As the number of active coronavirus cases has grown more than fivefold in the last month in Johnson County, it begs the question, what are we waiting for?

The vast majority of medical practitioners, including Dr. Mark Schueler in Buffalo, Sen. John Barrasso, MD and every county health officer save one in the state of Wyoming agree that wearing masks, social distancing and good hand washing hygiene are necessary in order to stem this pandemic.

The Centers for Disease Control and Prevention and every other infectious disease agency in the United States, and indeed the world, agree.

So, what are we waiting for?

Are we waiting for our hospital to be overwhelmed with patients? It is rapidly approaching.

Are we waiting until there are no other hospitals available to transfer heart attack victims or other gravely ill or injured people to? Are we waiting for our friends and loved ones to die because they cannot get life saving medical care?

We are nearly there. Wyoming Medical Center in Casper is full. Billings is full. Rapid City is full. Salt Lake City is full.

Are we waiting for schools to be closed?

We are almost there, too. Schueler has said that once our own hospital has reached capacity, it will be time to consider sending kids home. Already the University of Wyoming and most other colleges have adjourned early for the Thanksgiving holiday and are asking students to quarantine before heading home. They will not resume in-person classes until after the New Year.

Are we waiting for a mobile morgue to house deceased members of our community because there is simply no space?

We hope not. But it is a very real possibility and has been happening all over the country.

When Gov. Mark Gordon asked us all to shelter at home in March, we were proud of the response. People listened and followed simple instructions to stem the spread of this virus.

Have we given up? Is wearing a mask so difficult? 

The CDC now says that not only do masks help limit the spread of the coronavirus by asymptomatic carriers, but they also protect the person wearing the mask from contracting coronavirus.

Some may say that’s not what the CDC said back in March. They would be right. But this is a novel virus, meaning it is new to humans. We are still learning about it. But as we study the disease and learn more, we must adapt to the new findings. We expect that scientists’ and physicians’ understanding of this virus, how to take precautions and how to treat it will continue to evolve — that is how science is done.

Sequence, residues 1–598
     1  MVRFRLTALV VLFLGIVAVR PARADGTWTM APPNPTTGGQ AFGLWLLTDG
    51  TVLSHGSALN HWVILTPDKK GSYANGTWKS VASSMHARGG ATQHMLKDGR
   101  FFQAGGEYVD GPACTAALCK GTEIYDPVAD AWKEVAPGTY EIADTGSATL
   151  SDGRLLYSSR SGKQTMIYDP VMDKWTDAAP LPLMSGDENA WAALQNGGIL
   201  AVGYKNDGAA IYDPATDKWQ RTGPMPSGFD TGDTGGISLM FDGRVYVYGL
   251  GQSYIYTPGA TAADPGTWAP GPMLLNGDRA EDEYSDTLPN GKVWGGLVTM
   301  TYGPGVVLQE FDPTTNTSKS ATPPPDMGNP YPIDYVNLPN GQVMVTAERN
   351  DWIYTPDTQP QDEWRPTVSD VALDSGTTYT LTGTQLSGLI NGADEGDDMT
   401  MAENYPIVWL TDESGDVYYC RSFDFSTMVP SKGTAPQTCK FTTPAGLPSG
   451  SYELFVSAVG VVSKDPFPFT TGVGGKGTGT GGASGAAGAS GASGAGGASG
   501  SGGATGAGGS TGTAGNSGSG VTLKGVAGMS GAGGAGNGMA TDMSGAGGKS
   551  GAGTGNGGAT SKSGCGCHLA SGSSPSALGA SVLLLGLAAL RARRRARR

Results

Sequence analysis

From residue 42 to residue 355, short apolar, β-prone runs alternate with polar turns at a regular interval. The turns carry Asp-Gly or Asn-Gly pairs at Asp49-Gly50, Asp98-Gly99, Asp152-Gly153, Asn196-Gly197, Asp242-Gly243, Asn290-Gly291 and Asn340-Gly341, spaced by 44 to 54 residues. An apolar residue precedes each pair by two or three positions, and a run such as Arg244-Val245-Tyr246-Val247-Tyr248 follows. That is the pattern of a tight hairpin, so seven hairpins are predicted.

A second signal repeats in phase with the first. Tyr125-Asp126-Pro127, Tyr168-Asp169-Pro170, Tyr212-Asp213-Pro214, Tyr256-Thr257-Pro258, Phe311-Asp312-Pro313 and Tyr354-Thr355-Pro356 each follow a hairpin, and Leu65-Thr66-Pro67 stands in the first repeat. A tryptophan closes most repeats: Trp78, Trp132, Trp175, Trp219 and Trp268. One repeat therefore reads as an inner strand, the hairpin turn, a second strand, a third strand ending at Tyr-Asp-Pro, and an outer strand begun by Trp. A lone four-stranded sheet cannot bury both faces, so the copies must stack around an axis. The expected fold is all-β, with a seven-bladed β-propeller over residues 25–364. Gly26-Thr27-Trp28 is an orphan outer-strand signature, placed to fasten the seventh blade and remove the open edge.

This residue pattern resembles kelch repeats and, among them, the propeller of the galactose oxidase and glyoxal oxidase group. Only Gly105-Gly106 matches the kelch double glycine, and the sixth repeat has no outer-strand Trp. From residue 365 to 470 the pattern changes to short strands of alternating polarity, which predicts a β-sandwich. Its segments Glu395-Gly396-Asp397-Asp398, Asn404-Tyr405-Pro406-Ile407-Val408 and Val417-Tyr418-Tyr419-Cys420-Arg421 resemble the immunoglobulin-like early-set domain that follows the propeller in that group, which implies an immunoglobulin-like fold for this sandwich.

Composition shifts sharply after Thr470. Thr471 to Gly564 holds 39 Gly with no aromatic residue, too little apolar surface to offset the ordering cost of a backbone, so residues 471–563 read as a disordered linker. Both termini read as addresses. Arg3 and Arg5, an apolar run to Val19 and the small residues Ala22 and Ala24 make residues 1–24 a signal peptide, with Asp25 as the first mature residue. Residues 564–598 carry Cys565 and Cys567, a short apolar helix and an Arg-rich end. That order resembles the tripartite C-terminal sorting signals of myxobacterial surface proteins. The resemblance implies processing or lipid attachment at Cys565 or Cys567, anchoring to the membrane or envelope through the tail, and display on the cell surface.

If you are doubtful that masks work, don’t take our word for it. Don’t even take local doctors’ or state and national epidemiologists’ word. Look to Asian populations that frequently wear masks due to poor air quality.

Japan has a population of 125 million people. They have had on average 1,200 new daily cases. Thailand has 75 million people. They average three new infections daily. South Korea with 57 million people averages 150 new cases per day. Vietnam with 95 million inhabitants has only eight new cases on an average day. For reference, among Wyoming’s 578,759 people, an average of over 530 cases was reported each of the seven past days.

This virus does not care whether you believe the science or not. But those countries that have remained successful at stemming the spread of the disease have done so with masks and aggressive contact tracing. 

Will we learn from their success? Or will we wait until it’s too late?

Do yourself a favor, do your neighbor a favor and wear a mask, socially distance and wash your hands regularly. Together we can turn things around.



(0) comments

Welcome to the discussion.

Keep it Clean. Please avoid obscene, vulgar, lewd, racist or sexually-oriented language.
Don't Threaten. Threats of harming another person will not be tolerated.
Be Truthful. Don't knowingly lie about anyone or anything.
Be Nice. No racism, sexism or any sort of -ism that is degrading to another person.
Be Proactive. Use the 'Report' link on each comment to let us know of abusive posts.
Share with Us. We'd love to hear eyewitness accounts, the history behind an article.